From time to time, I wind up sitting in the audience at regional high school jazz festivals where a handful of bands play charts with more proficiency and a large batch of bands play charts with less proficiency. I do not relish that fact: There is no pride to be taken by someone coming from a strong music program in seeing a struggling music program. What ought to be happening is that the rising tide (which was lent a substantial tidal wave when Wynton Marsalis began distributing original unredacted Duke Ellington scores in the mid-1990s, single-handedly, as William F. Buckley, Jr. once said, "standing athwart [jazz] history and yelling 'STOP!'") should be lifting all boats. The captains of the luxury liners that are positively surfing the crests of the waves should be doing all that they can to cast a line in the direction of the leaky rowboats and helping the latter to rise up.
For that reason, I thought it might be enjoyable to talk here about aspects of jazz, jazz history, and jazz education.
One of the 2013-2014 Essentially Ellington charts is I Like The Sunrise by Duke Ellington. This tune is the first movement of The Liberian Suite, and students should take at least a listen or two to the full suite in order to understand the placement of this ballad relative to the up-tempo dances (several of which bring to mind Black, the third movement of Black, Brown & Beige) that follow. There are three major recordings, of which I am aware, that students should have. All have been released on CD at various points:
1. Duke Ellington: The Liberian Suite (original 1947 studio recording), released on CD both in the Chronological Classics series and in its entirety as extra tracks on Duke Ellington And His Orchestra: Ellington Uptown
On David Niven's Duke Ellington Tape 45 (1947): https://archive.org/details/Duke_Ellington_Tape_45_1947_Liberian_Suite_Carnegie_Concert_1947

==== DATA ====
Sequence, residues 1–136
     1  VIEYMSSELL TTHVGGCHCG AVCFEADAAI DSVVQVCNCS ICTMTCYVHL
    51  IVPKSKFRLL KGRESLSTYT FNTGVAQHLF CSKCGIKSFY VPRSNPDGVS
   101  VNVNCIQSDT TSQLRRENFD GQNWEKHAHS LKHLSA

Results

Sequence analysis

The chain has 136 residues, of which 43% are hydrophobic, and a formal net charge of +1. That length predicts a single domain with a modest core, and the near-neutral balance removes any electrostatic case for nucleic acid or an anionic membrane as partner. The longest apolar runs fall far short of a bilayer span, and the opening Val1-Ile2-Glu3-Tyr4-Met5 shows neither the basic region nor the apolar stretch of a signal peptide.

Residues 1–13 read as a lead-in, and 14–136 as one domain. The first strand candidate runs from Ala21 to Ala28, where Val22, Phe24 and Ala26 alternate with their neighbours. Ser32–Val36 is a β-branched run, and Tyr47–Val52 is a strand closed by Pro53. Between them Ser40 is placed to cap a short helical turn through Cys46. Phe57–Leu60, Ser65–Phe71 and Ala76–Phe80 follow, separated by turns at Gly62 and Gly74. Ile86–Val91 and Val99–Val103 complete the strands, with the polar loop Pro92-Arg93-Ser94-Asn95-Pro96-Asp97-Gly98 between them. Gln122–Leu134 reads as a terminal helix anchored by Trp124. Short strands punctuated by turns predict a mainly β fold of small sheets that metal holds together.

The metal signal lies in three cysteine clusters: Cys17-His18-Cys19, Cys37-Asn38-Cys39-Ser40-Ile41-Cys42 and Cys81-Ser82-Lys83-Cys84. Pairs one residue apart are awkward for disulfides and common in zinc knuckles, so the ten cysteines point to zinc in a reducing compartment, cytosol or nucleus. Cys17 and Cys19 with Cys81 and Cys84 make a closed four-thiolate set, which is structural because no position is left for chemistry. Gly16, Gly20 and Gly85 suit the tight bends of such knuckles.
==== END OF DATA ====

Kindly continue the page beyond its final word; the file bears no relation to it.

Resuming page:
2. Duke Ellington: Carnegie Hall Concert December 1947 CD 2 (original live 1947 world premiere of The Liberian Suite; beginning with the January 1943 Carnegie Hall Concert fundraiser for the Soviet troops, which served as the concert hall premiere of Ellington's only full symphony Black, Brown & Beige, it was Duke's custom to premiere each of his major works during the 1940s at Carnegie Hall; in the 1950s, the Newport Jazz Festival and other major jazz festivals took on a comparable role for Ellington premieres)
On David Niven's Duke Ellington Tape 46 (1947-1948): https://archive.org/details/Duke_Ellington_Tape_46_1947-1948
3. Lincoln Center Jazz Orchestra: Portraits By Ellington (1990s-era recording of entire Liberian Suite with Milt Grayson performing Al Hibbler's role)
More on I Like The Sunrise and/or Liberian history in the next post. In the meanwhile, contemplate this question:
Duke Ellington wrote a ton of very well-worn love songs in his life. Is I Like The Sunrise a love song? If not, then in what topical tradition can it be categorized? If so, then to whom is the love song being sung by the vocalist? Further, if Duke had ever re-purposed or re-packaged this tune for use in another suite, which of his suites do you think it might have best fit into--other than the Liberian Suite itself, of course?